“Rodin is himself a cathedral”, a contemporary once said of the great sculptor. If Rodin was a cathedral, Belmondo is a one-man Pompidou Centre of cinema-chic, all the more mysterious for his transparency and refusal to pose as an intellectual. His father could have fashioned that face out of clay: the impish eyes, the caligulan nose, the cigarette-stung glade of the lips – shades of the young Picasso. Compared to compatriot peers Alain Delon or Jean-Pierre Léaud, Belmondo was the most relatably dangerous, the uncovenanted rogue, the inexpiable charmer. Albert Camus, a pied noir like Belmondo’s father, once defined a rebel as “a man who says no”. Belmondo has said no throughout his life, to facile labels, to intellectual excess, to awards, to Hollywood. The finest French actors of today, like Vincent Cassel and Jean Dujardin, can afford to take note.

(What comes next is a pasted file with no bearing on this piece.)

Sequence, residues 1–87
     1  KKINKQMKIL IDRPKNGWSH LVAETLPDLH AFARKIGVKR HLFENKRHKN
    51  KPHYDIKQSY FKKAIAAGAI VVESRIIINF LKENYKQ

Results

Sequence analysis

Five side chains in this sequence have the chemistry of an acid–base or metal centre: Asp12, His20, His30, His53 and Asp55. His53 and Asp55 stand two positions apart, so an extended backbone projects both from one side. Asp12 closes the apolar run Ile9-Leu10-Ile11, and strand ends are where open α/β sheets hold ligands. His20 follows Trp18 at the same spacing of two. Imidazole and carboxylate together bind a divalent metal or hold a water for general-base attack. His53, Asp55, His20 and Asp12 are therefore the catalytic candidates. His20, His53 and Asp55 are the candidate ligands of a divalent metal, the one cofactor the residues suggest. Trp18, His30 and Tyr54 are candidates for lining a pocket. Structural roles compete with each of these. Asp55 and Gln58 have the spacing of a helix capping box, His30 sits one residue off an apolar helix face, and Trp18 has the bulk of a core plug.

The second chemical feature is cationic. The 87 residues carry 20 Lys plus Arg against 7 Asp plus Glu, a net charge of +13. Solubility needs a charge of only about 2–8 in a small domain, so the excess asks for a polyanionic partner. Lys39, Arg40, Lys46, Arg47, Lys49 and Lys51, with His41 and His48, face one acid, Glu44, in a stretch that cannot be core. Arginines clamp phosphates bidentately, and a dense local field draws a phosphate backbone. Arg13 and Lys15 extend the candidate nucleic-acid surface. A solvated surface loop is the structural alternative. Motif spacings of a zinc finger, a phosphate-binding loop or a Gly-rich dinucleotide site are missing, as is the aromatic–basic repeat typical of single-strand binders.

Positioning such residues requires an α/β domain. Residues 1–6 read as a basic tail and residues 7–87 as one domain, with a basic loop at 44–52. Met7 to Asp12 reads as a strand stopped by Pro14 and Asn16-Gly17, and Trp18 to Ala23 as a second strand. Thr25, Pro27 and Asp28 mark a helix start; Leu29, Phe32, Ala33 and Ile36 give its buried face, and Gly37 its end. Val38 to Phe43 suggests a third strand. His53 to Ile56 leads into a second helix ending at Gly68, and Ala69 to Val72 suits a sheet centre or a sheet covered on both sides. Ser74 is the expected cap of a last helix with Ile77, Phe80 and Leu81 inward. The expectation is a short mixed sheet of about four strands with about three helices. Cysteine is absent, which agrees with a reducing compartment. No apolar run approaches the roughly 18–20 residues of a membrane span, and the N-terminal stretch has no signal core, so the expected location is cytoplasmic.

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Contributor

Ed Cripps

Ed is a screenwriter and journalist. His TV CV includes Episodes, Fresh Meat and Made in Chelsea (his first series of which won a BAFTA). In 2016, his piece on The South Bank Show came second in The Observer's Anthony Burgess Prize for Arts Journalism. In addition to The Rake, he has written for the TLS, MR PORTER and Little White Lies.